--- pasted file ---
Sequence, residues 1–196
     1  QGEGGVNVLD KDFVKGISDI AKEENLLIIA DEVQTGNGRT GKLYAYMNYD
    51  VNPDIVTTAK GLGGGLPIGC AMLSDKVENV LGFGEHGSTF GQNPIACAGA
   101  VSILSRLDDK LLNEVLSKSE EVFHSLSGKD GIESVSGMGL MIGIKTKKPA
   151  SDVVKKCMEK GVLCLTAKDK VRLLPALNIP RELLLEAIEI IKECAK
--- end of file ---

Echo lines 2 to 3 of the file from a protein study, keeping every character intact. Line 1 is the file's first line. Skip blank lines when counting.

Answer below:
     1  QGEGGVNVLD KDFVKGISDI AKEENLLIIA DEVQTGNGRT GKLYAYMNYD
    51  VNPDIVTTAK GLGGGLPIGC AMLSDKVENV LGFGEHGSTF GQNPIACAGA